Do American rules work in the Canadian Economy? 20th century market technician, Edson Gould, devised a rule about interest rate increases: they call it Two Steps and a Stumble. In Gould’s day, if the US Federal Reserve Board raised interest rates twice (two steps), the stock market would fall (“stumble”).
Today the Bank of Canada raised interest rates: that was step one. I wonder if Gould’s guideline applies to the Canadian Stock Market now. In my book, Beyond the Bull, I observe that the rules of the stock market seem to change over time. What worked in the 1990s might not work now. Gould was a market technician from the 1920s to the 1970s. This quotation will give readers some flavour for his era: “The Dow Jones Industrial Average came down from 120 in the summer of 1931 to 40 in the summer of 1932, doubled to 81 in September, kicked back to 50 in February, 1933 and doubled again to 110 by July, 1933.” - Edson Gould. What a time that must have been! Today’s stock market volatility seems tame compared to the 1930s.
Will the rules or guidelines of a bygone era help investors today? If the Bank of Canada (B of C) raises its rate again (step two) will it trigger a decline in the stock market?
The B of C raised interest rates to protect us from inflation. If house prices go up, that’s inflation. If food prices go up, that too is inflation. When energy prices, consumer prices, metals prices – when prices go up, that’s inflation. The Bank of Canada just raised interest rates to protect us from rising prices.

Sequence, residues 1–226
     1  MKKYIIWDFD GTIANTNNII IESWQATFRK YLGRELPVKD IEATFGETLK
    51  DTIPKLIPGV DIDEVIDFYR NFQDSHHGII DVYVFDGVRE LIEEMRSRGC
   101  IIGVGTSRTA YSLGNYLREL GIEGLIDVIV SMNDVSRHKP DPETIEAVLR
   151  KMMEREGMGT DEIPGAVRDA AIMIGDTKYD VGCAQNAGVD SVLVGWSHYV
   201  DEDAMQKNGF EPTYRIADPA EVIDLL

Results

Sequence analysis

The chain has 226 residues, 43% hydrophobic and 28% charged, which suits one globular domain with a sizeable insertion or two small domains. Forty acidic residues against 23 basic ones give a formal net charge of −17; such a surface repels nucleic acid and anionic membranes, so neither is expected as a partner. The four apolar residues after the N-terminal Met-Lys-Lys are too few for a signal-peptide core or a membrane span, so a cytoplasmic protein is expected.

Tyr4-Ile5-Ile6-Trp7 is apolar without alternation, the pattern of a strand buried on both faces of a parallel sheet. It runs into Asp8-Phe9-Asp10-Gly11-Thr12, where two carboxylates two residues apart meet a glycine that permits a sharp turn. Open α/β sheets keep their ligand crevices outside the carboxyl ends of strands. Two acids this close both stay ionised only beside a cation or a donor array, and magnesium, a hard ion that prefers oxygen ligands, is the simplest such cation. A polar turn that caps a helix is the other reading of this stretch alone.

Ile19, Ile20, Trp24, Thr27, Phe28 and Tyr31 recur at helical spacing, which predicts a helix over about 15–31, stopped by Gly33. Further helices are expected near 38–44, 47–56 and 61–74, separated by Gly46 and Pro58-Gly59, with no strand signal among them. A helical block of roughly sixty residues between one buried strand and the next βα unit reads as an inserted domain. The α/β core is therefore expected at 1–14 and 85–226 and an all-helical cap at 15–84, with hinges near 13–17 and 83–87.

When the stock market goes up – is that inflation? If your RRSP is invested in stocks or equity mutual funds, and they go up in price, is that inflation? Maybe inflation is not all that bad.
If Gould was right, two increases in interest rates triggers a decline in the stock market. That means your stock market investments are at risk. Is it correct for the B of C to raise interest rates knowing that it puts RRSPs and pension plans at risk?
Running the Bank of Canada is a tough job. When you mess with interest rates, it helps here and hurts there. Damned if you do and damned if you don’t.
But most readers are not running the Bank of Canada. You’re running your own personal finances. What will you do?
Most readers will do nothing. Most did not learn from the 2008 – 9 stock market slam-dunk. Most Canadian investors would rather ponder the strategies of the Bank of Canada rather than ponder their own strategies. And if the stock market does stumble, most investors will suffer their losses and blame someone else for their demise. And most will say: “Don’t worry, it’ll come back some day.” To the “Don’t Worry Be Happy” crowd, we say: read the second paragraph above, the excerpt from Edson Gould’s article about the stock market in the early 1930s.
Our advice? Reduce risk. Own fewer equities than you normally own. These are dangerous times for stock market investors.